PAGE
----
Pharmacy has five years to prove itself: Jones


rural pharmacy: pretty rural scene with gum trees and blue sky

Over the five-year life of the Sixth Community Pharmacy Agreement community pharmacy will need to prove itself, says Paul Jones of Moodie’s Pharmacy in Bathurst, NSW.

The pharmacy was named winner in the professional services division of the Pharmacy of the Year Award 2015.

Jones welcomes the review into the location rules.

“It’s good that the location rules are being reviewed,” Jones told the AJP.

“I think some are dysfunctional and don’t deliver what was intended – for example, the medical centre one. You only need to meet the rule at a single point in time, and as soon as you get your number you can go back to trading five days a week; that was intended to try and encourage improved access to doctors and pharmacists and I don’t think it’s achieved that outcome.

“The shopping centre rule also had unintended consequences. If you have a pharmacy in a shopping centre the landlord has all the power when you come to the end of your lease. I’ve experienced that personally, and so it needs to change.

“Overall, though, the location rules are a very good piece of policy, and if you look at the report the Guild did 95% of people in capital cities were near a pharmacy, so they do ensure equity of access.”

In the Guild analysis pharmacies were shown to be more accessible than supermarkets, banks and medical centres in metropolitan and regional areas, with 87% of Australians living within 2.5km of at least one pharmacy – 95% in capital cities.

“The Agreement overall is a mixed bag,” Jones says. “I think people are fearful of change, but pharmacy has to change – you can’t keep maintaining the status quo.

“It doesn’t matter whether you’re talking about using different technology or offering different services – pharmacy has had it pretty good with discounts, but we now need to make sure the whole of pharmacy is sustainable.”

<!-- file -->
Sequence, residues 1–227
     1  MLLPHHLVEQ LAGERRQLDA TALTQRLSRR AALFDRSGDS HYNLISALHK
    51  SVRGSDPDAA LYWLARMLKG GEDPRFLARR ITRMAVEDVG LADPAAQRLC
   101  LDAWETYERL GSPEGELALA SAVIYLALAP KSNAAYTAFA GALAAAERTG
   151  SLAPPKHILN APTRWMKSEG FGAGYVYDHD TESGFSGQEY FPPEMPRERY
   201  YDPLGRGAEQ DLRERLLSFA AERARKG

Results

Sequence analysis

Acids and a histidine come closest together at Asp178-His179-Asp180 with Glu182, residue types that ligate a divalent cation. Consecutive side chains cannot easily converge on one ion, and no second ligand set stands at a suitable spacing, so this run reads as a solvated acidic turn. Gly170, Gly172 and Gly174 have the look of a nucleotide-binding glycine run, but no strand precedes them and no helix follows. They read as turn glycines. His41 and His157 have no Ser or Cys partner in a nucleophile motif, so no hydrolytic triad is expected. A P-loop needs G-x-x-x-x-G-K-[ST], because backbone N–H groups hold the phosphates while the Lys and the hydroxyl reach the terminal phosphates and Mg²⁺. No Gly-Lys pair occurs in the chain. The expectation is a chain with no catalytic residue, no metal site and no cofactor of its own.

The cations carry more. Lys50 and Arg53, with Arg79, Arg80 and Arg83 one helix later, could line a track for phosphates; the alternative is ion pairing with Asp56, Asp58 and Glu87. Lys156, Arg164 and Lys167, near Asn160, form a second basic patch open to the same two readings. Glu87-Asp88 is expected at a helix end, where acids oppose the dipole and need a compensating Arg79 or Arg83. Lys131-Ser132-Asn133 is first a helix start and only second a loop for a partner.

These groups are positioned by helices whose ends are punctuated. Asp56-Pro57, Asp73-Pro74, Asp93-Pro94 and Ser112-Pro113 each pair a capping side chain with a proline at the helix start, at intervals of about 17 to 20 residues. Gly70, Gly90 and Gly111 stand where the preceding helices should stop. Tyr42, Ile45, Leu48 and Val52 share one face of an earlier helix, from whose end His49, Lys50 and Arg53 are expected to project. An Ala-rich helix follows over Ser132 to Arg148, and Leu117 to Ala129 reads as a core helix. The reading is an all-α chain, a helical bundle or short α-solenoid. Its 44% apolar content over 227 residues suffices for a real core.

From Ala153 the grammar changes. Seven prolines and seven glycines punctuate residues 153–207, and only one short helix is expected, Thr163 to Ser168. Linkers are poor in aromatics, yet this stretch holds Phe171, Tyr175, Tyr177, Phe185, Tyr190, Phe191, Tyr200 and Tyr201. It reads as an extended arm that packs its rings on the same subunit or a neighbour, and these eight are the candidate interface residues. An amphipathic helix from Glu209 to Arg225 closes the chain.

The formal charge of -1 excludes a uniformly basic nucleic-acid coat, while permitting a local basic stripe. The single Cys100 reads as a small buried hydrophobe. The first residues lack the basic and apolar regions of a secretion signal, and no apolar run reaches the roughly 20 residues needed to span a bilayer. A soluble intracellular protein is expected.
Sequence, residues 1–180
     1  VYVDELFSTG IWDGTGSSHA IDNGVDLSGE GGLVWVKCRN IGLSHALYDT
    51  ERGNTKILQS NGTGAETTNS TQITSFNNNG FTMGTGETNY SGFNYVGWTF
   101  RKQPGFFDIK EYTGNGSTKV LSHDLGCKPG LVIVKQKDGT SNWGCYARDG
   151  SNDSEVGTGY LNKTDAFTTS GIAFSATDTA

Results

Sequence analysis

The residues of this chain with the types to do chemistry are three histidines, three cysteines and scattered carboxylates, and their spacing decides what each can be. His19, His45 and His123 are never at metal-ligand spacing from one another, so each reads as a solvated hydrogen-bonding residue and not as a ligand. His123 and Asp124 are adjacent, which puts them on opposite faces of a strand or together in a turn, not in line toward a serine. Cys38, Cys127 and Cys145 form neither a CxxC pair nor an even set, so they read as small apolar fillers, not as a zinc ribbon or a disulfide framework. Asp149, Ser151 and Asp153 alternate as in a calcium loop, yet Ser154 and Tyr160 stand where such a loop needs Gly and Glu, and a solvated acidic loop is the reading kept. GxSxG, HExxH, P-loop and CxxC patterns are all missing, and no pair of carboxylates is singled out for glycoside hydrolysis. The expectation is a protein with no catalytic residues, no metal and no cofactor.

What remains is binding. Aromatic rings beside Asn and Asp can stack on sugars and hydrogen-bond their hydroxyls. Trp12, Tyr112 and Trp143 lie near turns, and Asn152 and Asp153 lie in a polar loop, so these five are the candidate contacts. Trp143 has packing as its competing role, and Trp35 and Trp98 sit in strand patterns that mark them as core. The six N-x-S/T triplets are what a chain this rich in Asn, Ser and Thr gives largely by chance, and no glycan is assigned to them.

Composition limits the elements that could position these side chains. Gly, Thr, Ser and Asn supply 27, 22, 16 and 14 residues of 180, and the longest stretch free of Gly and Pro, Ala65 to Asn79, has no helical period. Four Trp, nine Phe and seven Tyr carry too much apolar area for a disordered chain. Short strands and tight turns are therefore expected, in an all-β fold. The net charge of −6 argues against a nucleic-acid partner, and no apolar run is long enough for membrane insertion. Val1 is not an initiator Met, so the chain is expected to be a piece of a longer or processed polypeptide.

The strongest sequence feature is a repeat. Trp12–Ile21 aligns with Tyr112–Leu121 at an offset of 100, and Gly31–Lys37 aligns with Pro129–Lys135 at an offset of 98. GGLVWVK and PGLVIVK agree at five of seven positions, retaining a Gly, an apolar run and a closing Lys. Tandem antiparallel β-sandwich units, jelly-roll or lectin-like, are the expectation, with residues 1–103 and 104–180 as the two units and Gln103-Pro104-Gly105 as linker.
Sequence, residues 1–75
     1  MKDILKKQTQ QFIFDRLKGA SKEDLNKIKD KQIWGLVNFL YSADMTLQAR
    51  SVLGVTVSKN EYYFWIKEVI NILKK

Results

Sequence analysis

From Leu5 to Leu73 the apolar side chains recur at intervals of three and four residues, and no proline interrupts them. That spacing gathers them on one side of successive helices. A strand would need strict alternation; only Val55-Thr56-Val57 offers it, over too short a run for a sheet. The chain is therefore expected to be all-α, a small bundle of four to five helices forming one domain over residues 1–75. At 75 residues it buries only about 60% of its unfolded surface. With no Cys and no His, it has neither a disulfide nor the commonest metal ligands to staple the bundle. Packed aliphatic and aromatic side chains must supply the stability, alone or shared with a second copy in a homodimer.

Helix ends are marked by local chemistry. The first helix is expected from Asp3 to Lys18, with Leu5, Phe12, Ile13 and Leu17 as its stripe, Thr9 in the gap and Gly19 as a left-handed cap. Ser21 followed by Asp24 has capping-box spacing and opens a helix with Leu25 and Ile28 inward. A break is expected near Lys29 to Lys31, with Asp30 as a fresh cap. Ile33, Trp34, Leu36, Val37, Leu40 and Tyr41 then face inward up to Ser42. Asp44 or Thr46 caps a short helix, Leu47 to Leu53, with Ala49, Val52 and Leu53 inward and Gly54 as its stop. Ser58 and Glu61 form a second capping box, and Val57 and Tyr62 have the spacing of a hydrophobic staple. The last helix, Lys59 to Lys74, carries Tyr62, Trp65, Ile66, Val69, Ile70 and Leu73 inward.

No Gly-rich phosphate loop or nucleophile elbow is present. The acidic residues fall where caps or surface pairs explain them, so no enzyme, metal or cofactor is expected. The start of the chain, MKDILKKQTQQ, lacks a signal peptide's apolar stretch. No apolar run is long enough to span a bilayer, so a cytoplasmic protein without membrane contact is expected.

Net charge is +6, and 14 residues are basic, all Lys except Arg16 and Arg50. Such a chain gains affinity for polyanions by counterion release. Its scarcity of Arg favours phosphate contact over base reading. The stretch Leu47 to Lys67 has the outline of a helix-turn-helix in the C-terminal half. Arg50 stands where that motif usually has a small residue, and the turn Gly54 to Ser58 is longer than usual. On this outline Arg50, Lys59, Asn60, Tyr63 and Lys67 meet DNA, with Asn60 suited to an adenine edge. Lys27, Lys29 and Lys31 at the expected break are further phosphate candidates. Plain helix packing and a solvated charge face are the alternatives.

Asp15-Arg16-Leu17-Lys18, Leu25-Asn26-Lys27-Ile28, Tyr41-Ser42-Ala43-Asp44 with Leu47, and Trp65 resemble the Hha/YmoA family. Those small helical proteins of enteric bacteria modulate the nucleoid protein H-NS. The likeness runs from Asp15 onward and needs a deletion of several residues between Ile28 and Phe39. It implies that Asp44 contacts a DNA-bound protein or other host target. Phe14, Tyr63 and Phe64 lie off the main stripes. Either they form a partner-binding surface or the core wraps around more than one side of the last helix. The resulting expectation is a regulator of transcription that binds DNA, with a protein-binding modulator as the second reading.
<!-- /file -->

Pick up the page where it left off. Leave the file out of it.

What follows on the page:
He says hits to wholesalers and manufacturers in the wider package associated with the 6CPA are of concern, with pharmacies already experiencing significant out of stock problems with some medicines.

“We need to make sure the supply chain works because if it doesn’t and the Government cuts it too much, you’ll see manufacturers doing just-in-time manufacturing. You can give people a generic, everyone switches and then they run out because they didn’t anticipate they would do that volume of the product.”

Expanded funding for professional services will go a long way to help pharmacy gain more credibility in an expanded capacity in primary health, he says.

“The focus on rural and on Aboriginal health is a hugely positive thing. Working to Close The Gap with Aboriginal people’s life expectancy is a smart move.

“And having grown up in rural and regional areas, I know rural people receive second-class services. I’m a big believer in doing something for these people.

“All the professional services will have to be signed off by MSCA and I think that’s a game changer. We’ll have to produce very good quality services, and that’s very positive.

“The other thing I don’t like [in the 6CPA] is discounting the copayment. It sends the wrong message about medicine as a commodity.

“The Government sees health care as involving consumers, not patients. But people don’t consume health care because they want to. They take it for medical reasons, it’s a need, not a want.”

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